The pandemic-driven renaissance of the shopping mall
For the last decade or so, malls have been dying. Surprisingly, the pandemic may save them.
The big picture: A year and a half of isolation has reignited a desire to gather in public spaces — and spruced-up, futuristic malls could make billions off of a cooped-up America.
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“The pandemic has definitely made people appreciate public spaces more, so there is scope for malls to capitalize on this trend,” says Neil Saunders, managing director of GlobalData Retail.
By the numbers: About 25% of America’s roughly 1,000 malls will close in the next five years, retail analytics firm Coresight Research projects. That continues a long trend of store and mall closures across the U.S.
But the malls that survive the shedding will be relatively future-proof, experts say.
“The malls caught COVID when the population caught COVID, and those that were fit and strong made it through,” says Michael Brown, a partner in consulting firm Kearney’s Consumer Products and Retail Practice. “There’s a long future for the malls who are doing it right.”
Thriving malls look more like downtowns than traditional shopping centers, with apartments, offices and restaurants.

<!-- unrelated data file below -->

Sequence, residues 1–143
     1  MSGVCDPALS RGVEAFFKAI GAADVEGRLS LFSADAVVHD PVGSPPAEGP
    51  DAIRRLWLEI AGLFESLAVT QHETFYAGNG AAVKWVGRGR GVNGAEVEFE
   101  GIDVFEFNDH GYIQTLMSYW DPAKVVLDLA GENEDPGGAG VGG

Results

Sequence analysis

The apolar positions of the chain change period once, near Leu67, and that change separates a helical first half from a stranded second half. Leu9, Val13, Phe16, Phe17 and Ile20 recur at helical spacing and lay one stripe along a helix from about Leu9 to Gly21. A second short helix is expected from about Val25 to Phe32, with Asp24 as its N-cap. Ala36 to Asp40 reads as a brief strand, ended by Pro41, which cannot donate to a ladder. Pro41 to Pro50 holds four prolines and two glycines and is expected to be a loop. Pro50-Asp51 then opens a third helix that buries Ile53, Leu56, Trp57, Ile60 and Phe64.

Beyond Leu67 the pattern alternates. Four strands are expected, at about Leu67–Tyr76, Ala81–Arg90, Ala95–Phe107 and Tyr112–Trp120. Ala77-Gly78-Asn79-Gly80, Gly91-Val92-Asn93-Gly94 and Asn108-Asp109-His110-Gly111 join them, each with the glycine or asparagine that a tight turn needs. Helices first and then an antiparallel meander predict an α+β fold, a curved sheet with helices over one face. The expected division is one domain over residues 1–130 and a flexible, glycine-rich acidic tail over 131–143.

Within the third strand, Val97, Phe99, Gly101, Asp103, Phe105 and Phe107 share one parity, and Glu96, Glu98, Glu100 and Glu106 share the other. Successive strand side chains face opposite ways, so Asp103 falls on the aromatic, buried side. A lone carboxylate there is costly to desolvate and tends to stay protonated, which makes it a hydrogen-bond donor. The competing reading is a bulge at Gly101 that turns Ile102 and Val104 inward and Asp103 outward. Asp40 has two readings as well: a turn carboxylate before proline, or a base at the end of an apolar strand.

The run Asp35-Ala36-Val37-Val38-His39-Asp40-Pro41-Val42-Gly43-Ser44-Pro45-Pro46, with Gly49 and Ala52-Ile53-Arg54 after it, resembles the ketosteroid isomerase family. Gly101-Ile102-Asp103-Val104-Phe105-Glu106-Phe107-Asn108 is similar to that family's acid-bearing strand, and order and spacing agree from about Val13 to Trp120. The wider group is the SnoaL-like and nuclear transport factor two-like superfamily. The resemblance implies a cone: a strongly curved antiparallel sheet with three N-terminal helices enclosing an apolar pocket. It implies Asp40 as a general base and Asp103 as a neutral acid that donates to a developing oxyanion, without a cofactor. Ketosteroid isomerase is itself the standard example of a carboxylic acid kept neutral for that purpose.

They’re adding third workplaces: As we’ve reported, a key emerging workplace trend is the rise of places to work that aren’t the office or the home. Malls are building such tertiary workplaces to attract teleworkers, Saunders says. For example, the Scottsdale Fashion Square in Arizona has incorporated office space through the co-working company Industrious.
They’re looking beyond retail: One of the fastest-growing types of mall tenants is doctors’ and dentists’ offices, according to a Coresight report.
They’re going local: One of the factors that killed scores of malls is that they offered the same set of chain stores no matter which town or city they operated in, says Denz Ibrahim, head of retail and futuring at Legal & General, the United Kingdom’s largest owner of retail property assets. Ibrahim designed a new mall in Poole, an English coastal town, with hyperlocal tenants like a fishmonger and a gin distiller.
With such local flair, malls can become post-pandemic tourist destinations, says Brown.
Bigger budget projects are taking it even further: The American Dream mall, a $5 billion project in New Jersey, was set to open at the beginning of the pandemic, and that was stalled.
Now it has finally opened and is drawing crowds, not for its store, but for its amusement park-style rides.
The bottom line: Says Brown, “Malls need to be more than just a place to shop because frankly, we can just shop online.”
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